You won’t have Kevin McCarthy to kick around anymore.
The congressman from California announced he would not run for speaker of the House again after lawmakers voted to strip him of his gavel Tuesday afternoon. It was a historic and surprising moment: The chamber has never before removed a speaker from power, and many had expected McCarthy to put up a staunch, potentially drawn-out fight to retain power, much as he sat through 15 grueling rounds of ballots to win his perch in January.
McCarthy explained his decision in a freewheeling, emotionally charged press conference Tuesday, laughing and at times shouting as he took unusually detailed and direct aim at his detractors. In it, he said he had taken “a risk for the American public” by striking a deal with Democrats to avoid a government shutdown, and blamed the minority party for making “a political decision” not to offer their support when conservatives moved to oust him in response.
At one point, he claimed that former Democratic leader Nancy Pelosi had promised to back him up with votes should he ever face the kind of motion to vacate that brought him down on Tuesday. “My fear is the institution fell today,” he said, referring to the American Congress.
McCarthy also lobbed shots at the eight Republicans who voted with Democrats to topple him. “They don’t get to say they’re conservative because they’re angry and chaotic,” he said. He took special aim Rep. Matt Gaetz, the Florida Congressman who led the overthrow effort, accusing him of pursuing a personal vendetta over an ethics investigation. But prompted by reporters, he also threw elbows at Rep. Nancy Mace, the sometimes unpredictable South Carolina moderate who claimed she had voted against McCarthy because he hadn’t followed through on a promise to hold a vote on legislation expanding birth control access.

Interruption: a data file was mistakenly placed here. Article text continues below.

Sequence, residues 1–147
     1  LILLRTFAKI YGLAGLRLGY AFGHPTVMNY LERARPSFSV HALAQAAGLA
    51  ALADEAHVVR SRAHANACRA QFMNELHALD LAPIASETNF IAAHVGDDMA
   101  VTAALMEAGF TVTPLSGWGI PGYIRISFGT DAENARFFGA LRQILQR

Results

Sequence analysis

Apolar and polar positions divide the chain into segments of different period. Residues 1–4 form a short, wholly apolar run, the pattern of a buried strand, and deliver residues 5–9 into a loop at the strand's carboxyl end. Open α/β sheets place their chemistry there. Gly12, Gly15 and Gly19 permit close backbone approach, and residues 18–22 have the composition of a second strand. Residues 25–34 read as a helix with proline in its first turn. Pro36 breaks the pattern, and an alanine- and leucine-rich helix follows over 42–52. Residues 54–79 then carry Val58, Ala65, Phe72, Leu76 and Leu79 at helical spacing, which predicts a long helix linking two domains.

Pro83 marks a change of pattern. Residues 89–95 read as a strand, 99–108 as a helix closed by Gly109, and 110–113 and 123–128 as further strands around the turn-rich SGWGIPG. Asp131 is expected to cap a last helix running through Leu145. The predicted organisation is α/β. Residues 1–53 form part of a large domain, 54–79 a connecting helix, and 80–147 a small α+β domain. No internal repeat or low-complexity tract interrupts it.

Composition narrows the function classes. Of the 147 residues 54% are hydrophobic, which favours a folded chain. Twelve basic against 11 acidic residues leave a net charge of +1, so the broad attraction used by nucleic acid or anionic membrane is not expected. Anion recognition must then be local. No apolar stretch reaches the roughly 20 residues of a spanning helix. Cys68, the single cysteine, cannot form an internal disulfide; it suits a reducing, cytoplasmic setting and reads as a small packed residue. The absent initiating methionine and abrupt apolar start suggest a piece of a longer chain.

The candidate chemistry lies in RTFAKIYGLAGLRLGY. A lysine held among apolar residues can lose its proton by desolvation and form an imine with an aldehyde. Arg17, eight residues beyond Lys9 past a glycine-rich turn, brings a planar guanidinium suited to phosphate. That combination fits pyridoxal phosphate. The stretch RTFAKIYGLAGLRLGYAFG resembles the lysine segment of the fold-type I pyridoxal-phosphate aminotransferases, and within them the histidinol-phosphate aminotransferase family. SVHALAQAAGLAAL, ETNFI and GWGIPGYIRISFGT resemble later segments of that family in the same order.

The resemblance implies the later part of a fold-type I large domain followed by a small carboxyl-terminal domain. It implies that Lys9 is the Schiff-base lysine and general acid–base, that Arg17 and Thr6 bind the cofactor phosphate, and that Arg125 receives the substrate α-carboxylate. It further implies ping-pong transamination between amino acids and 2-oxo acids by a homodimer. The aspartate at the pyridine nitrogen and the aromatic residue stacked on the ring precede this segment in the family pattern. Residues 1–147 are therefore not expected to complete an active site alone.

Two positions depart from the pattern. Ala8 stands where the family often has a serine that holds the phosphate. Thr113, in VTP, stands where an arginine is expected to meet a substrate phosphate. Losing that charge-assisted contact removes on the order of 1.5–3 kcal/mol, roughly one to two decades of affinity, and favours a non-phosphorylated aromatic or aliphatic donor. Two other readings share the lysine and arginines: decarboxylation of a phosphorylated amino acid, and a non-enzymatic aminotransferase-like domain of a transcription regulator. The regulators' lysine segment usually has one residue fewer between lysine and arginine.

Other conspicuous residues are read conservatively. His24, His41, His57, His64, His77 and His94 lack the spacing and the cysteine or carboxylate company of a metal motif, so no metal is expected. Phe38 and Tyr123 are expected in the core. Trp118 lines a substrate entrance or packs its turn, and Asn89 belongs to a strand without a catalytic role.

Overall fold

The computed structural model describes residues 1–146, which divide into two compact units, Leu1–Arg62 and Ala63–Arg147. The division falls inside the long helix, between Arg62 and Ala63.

“Her chief of staff told all of us we have kept every single one of our words,” McCarthy said. “And he said he told her that too. Now if somehow he gets fired I’ll still get him a job.“
“What, I’m being too honest now?” he added as the press erupted.
McCarthy more broadly warned that his party had left itself hostage to a handful of its least compromising members, and argued that it should eliminate the rule allowing a single member to call a snap no-confidence vote against a speaker. “I want to be a Republican and conservative that governs, and we’re going to have to find our way to do that,” McCarthy said.
It’s unclear who might replace McCarthy as speaker, but members have already begun to publicly float names and put themselves forward. Majority Whip Tom Emmer said Rep. Steve Scalise, the no. 2 House Republican, would “make a great speaker.” Rep. Thomas Massie tweeted his support for Rep. Jim Jordan, R-Ohio, the combative Judiciary Committee chair and longtime favorite among conservatives. Rep. Kevin Hern, R-Okla. said he was interested in the job as well.
Gaetz also named a long list of successors he’d find acceptable to reporters. Some of the names included Scalise, Emmer, Budget Committee Chair Jodey Arrington, Hern, and former Long Island Rep. Lee Zeldin, who left Congress to run a surprisingly competitive race for governor of New York. (By law, the speaker of the House does not have to be an elected member of Congress.)
Republicans will take some time to make a decision. The House adjourned for the week, with plans to vote for a new speaker next Wednesday.
The storm clouds began gathering above McCarthy early in the day, after Democrats made it clear that they would not offer their support to McCarthy without major concessions the former speaker appeared unwilling to make.